Marketing Strategy: The Indifference Factor

August 8, 2020By WordSouth

The big day has finally come. After much research, planning, and investment, your company announces you’re getting into fiber to provide high-speed internet to customers. You launch a direct mail campaign, eager to share the good news with your community, and — radio silence. How could that be? Don’t customers know how much better fiber broadband will be than their current internet connection? Unfortunately, no. They probably don’t. And your direct mail campaign just got taken down by what we call the indifference factor.

 

Understanding The Indifference Factor

All day, every day, your audience is being bombarded by ads. They’re hearing from advertisers in their social media news feeds, in their email inboxes, on their TV and — yes — in their mailboxes. No one has the time or capacity to process all of those messages, so we subconsciously filter out anything that doesn’t seem relevant to us. If a brand doesn’t make it immediately clear how their product or service will solve a big pain point for us, the indifference factor kicks in, and we tune it out.

Most effective marketing messages and direct mail campaigns overcome that indifference by speaking clearly to customers’ pain points. The indifference factor is a formidable contender for any marketing strategist, and broadband marketers are no exception. If you want your direct mail campaign to be effective, it needs to speak to the problem areas their current internet service is not solving.

Are your prospects currently on a slow, unreliable network that makes it hard to work and learn from home? Are they frustrated by big-brand customer service (or lack thereof)? Do they experience speeds much lower than the ideal speeds advertised with their package? When you can identify and speak to these issues in your marketing, you can sidestep the indifference factor to better capture and convert your prospects.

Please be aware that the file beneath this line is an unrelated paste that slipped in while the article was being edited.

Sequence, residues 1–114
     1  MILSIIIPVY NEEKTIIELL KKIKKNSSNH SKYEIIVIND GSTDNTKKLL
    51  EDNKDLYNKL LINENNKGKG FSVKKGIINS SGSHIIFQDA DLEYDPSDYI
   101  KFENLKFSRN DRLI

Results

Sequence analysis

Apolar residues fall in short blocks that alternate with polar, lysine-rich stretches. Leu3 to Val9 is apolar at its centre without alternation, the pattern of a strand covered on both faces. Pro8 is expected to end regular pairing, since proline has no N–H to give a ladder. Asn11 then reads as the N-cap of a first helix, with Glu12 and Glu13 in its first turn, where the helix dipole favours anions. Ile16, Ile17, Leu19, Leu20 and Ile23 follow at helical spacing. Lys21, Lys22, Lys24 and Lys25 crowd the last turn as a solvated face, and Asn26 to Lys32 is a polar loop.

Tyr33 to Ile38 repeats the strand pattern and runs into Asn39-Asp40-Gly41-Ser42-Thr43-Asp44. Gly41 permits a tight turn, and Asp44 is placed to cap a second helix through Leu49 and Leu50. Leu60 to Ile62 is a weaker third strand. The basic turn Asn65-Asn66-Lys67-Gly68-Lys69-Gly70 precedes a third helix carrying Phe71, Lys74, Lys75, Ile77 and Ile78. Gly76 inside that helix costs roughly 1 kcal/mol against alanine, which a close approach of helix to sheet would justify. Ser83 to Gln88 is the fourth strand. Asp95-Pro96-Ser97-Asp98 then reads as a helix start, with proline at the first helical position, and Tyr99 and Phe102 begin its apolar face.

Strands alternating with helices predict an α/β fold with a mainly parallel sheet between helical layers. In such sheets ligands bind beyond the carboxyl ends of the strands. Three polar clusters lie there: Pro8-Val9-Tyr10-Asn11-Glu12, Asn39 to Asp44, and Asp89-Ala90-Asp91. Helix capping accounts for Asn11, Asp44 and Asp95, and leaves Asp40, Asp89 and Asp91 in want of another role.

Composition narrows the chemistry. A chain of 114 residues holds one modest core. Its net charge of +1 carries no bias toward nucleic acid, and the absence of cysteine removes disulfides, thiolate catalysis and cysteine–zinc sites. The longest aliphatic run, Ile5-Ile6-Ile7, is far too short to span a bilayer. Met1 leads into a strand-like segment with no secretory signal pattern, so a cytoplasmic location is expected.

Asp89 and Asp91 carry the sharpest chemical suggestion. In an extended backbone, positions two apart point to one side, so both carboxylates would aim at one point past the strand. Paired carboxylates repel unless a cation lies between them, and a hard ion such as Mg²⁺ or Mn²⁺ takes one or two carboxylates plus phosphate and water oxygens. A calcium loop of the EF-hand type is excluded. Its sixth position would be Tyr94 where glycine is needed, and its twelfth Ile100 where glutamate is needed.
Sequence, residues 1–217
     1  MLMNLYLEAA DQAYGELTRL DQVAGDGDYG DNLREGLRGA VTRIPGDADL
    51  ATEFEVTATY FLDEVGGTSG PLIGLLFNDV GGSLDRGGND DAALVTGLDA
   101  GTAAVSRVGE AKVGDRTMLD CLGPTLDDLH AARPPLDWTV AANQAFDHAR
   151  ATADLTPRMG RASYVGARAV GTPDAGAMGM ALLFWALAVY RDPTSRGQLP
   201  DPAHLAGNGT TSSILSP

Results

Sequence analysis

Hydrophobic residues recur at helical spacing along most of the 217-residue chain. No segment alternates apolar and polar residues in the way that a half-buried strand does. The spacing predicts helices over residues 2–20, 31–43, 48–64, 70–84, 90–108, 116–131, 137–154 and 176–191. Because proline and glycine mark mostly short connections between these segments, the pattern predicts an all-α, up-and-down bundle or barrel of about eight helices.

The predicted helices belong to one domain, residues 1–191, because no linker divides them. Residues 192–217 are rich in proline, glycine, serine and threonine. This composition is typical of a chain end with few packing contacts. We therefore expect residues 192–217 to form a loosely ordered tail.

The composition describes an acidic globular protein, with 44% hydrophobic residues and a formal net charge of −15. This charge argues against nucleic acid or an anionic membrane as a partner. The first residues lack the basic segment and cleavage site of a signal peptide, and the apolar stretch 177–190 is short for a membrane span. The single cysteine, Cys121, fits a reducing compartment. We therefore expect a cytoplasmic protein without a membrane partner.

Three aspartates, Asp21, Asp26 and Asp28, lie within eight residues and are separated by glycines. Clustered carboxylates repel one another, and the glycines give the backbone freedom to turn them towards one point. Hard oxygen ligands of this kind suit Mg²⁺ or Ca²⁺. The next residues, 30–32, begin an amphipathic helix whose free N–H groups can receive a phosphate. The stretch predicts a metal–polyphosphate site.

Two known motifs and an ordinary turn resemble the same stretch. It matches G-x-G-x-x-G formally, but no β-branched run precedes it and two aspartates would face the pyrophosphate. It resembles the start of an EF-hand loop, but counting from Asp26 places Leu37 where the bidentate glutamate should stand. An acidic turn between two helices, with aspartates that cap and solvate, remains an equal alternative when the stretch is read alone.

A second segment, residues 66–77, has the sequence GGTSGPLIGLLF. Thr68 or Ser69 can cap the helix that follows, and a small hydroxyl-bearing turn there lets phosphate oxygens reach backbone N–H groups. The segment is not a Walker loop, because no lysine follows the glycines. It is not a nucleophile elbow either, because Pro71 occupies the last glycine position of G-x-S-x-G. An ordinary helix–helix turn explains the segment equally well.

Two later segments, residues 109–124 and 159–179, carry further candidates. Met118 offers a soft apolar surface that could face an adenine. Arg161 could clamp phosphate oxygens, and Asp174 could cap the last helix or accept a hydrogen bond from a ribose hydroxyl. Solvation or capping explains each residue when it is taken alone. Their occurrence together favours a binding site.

The Challenge of Selling Internet

Now, wait a minute, you might be thinking. We’re the only service provider offering fiber in our area. Shouldn’t prospects see right away that they need to make the switch to us? Not necessarily. As long as a prospect thinks their current internet connection is “good enough,” they’ll subconsciously filter out your messaging as irrelevant to them.

Think of it this way. Let’s say you have a zero-turn mower that you bought a year or two ago to mow your lawn. It works fine. You don’t rave about it to all the neighbors, but it gets the job done. Because there’s no obvious pain point there for you, your indifference factor immediately filters out generic advertisements from Toro, Skag or Kubota — even if their mowers are better than your “good enough” mower.

If one of those companies wants to get your attention, they’re going to have to get extremely clear about why your current mower really isn’t good enough and is in fact making your life harder. For example, they may run an ad that shows the average time to mow a lawn with their mower compared to other leading mowers. By speaking to your pain point of spending way too much time mowing grass in the heat every Saturday, the ad may successfully overcome your indifference factor and catch your attention.

The same is true for your brand when selling high-speed fiber internet. If you want to catch your audience’s attention, you’ll need to help them see why their current internet isn’t up to speed. Maybe they’re struggling to upload and download files, videos, or photos. Maybe they need more upload and less latency to play their favorite game. Maybe their speed is fine most of the time but lags at peak times, making important video meetings difficult to conduct.

Whatever the case may be, you’ll need to help your audience see why their current internet connection is making it harder for them to work remotely, learn online, conduct video calls with their doctor, or stream their favorite show. By presenting your new service as a solution for their specific pain points, you can sidestep the indifference factor and catch your prospects’ attention — even in a crowded mailbox.

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